One thing in magic is that people get hung up on is who created what and that if they thought of it without outside influence, then no one else could have possibly had the same thought.
My Russian Shell Game routine was inspired by a magazine column that Gary Oulette wrote. His ending used stacks of cups as the final loads to a cups and balls routine. In the article he “reserved all manufacturing rights“, I’m assuming he did this thinking no one had thought of the idea before.
Recently I was looking for something else and came across Cups and Cups and Cups and balls by Geoffrey Robinson
It’s the exact same idea as Gary’s, but it Gary never had a set made. Geoffrey did and it appears he had to do some problem solving. If you notice the small holes in the top, they are there (I’m assuming) to keep them from sticking together from the suction created if they are too tightly nested.
At the end of the day, you can’t assume you are the first person to have an idea!
Last week I bought a vanishing birdcage on ebay (apparently I collect cages now?) from a seller that wasn’t a magician. I’ll talk a bit more about the cage in another post when I get a chance to do some research on it, but it’s a less common one. The seller included this Doug Henning autographed Playbill in the box that came with the cage:
I’m assuming the Max and Salli it’s signed to are Max and Salli Hapner. I’m not very familiar with their work, but remember seeing them on the cover of a couple of magic magazines, or mentioned in them. From my research this week, Max had a collection of Vanishing Birdcages, so it would make sense that the autograph coming with the cage would reinforce the idea that the autograph was to the Hapners.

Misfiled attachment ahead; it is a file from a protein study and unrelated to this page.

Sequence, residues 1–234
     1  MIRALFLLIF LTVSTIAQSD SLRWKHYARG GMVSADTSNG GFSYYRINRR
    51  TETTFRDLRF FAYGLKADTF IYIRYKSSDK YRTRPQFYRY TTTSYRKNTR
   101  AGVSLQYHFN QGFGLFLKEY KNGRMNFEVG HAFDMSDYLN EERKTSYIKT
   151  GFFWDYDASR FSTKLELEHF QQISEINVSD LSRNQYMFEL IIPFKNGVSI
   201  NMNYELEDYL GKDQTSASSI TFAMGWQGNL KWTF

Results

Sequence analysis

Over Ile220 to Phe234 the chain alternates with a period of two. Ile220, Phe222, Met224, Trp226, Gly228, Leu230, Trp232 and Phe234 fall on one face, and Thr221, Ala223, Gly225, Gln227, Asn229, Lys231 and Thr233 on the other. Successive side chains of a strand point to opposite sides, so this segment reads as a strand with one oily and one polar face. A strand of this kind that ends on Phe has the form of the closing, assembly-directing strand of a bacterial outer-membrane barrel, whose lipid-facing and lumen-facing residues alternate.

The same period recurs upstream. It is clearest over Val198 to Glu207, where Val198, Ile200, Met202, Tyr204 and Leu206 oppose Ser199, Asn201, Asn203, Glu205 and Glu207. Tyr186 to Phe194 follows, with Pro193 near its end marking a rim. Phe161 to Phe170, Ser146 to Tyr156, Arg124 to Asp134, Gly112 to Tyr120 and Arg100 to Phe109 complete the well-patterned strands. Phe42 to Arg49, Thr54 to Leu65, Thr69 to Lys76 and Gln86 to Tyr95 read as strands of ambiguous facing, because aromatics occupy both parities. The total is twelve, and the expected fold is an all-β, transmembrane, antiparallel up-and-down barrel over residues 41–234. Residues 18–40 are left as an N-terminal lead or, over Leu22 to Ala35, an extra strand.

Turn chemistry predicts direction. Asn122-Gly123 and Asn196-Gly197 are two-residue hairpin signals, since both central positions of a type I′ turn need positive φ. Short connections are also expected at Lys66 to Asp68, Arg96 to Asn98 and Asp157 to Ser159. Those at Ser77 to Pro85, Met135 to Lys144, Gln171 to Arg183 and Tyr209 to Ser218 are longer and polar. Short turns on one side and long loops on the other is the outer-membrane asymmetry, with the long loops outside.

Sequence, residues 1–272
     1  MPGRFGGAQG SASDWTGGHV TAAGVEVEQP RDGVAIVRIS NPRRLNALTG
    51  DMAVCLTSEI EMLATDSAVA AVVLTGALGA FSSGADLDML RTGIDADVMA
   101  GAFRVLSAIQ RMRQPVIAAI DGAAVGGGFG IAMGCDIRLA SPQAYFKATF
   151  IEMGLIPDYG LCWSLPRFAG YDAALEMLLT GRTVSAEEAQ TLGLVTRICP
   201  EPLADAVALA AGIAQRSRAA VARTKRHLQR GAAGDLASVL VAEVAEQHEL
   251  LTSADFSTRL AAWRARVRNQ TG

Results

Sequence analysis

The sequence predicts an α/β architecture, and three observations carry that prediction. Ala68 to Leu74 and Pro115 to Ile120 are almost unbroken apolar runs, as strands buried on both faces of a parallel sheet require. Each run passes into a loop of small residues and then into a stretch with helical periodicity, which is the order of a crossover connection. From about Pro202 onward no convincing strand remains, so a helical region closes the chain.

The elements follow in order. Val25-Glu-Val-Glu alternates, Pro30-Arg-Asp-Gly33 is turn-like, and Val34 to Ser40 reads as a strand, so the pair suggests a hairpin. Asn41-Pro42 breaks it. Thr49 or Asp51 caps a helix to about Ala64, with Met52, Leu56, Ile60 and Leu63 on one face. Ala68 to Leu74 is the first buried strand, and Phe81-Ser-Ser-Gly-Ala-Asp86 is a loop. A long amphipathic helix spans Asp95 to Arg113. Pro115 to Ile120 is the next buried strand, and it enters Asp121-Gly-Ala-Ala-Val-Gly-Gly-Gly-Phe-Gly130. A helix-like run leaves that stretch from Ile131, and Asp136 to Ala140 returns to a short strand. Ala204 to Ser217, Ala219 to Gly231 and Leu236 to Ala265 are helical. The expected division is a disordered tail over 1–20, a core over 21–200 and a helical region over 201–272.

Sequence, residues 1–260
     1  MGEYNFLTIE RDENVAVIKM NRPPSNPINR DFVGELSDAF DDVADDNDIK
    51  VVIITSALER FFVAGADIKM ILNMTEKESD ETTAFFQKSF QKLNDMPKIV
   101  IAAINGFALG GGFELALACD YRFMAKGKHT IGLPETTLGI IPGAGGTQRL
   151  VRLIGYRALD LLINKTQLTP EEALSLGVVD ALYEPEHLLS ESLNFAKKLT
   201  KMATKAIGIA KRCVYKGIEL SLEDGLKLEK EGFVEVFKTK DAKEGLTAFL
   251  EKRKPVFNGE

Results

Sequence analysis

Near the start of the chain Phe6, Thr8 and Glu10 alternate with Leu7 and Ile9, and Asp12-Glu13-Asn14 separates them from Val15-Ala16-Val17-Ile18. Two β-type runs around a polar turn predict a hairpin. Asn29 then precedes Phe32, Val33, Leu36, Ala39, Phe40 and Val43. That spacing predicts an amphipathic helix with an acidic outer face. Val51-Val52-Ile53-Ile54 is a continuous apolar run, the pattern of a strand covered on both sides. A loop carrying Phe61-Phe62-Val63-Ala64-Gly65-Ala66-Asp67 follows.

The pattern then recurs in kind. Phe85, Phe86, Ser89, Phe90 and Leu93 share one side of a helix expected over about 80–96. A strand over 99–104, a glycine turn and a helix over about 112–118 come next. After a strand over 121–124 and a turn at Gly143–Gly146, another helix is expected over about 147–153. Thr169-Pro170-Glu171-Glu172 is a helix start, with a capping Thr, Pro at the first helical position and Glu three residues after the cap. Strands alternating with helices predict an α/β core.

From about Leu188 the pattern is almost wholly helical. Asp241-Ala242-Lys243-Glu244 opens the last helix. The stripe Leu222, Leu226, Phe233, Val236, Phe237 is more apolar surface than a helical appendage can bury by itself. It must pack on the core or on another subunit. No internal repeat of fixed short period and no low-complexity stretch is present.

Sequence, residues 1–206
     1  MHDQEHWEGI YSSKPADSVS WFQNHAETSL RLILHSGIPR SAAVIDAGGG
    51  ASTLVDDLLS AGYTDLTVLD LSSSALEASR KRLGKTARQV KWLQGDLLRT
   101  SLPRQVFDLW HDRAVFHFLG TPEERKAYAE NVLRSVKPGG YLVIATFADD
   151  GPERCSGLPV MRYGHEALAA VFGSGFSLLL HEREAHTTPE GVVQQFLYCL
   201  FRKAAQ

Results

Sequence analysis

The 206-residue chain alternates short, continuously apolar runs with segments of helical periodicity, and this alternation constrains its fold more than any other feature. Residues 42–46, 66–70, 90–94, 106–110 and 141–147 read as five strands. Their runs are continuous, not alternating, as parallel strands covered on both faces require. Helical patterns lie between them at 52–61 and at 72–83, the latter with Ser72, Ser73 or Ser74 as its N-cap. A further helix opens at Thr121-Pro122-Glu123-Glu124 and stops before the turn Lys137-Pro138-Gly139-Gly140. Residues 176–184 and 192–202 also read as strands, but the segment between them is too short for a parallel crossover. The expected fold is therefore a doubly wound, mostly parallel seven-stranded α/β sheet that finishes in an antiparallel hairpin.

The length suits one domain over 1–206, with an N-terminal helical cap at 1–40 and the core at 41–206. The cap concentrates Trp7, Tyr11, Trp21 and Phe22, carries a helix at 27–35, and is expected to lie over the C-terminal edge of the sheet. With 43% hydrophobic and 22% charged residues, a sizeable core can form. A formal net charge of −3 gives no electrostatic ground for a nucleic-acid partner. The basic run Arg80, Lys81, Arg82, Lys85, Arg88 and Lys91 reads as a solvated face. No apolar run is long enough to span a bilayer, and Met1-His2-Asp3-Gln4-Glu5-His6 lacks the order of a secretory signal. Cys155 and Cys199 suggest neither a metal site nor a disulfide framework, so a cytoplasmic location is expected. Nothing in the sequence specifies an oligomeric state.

It appears Max passed about 10 years ago, and I only found one video of him online, which is him doing The Multiplying Bottles for Stevens Magic Emporium:
One of the fun things about knowing some magic history is that I was immediately able to connect the name on the program to the magic act. One the cover of the Genii Magazine above they are doing their bubble appearance, which according some of the people I’ve talked to the last week was a really amazing trick!
One of the Facebook groups that I belong to is a Magician’s 3D Printing group. It’s an interesting group, a few people in it are making some cool stuff. Recently someone asked if anyone had made a chop cup before. I mentioned that I had and made stack of nested cups as a final load for it.
I no longer have the set of cups, but here’s an idea of what they looked like:
This set was 100% inspired by Gary Ouellet‘s column Fulminations in Genii Magazine where he had a series of nested cups as the ending for a cups and balls routine. This led to my Russian Shell Game trick, which is a Three Shell Game that ends with a ton of shells on the table.
The fun thing about the time we live in, is with a little bit of tinkering around, you can make virtually any prop you’ve ever wanted with 3d printer!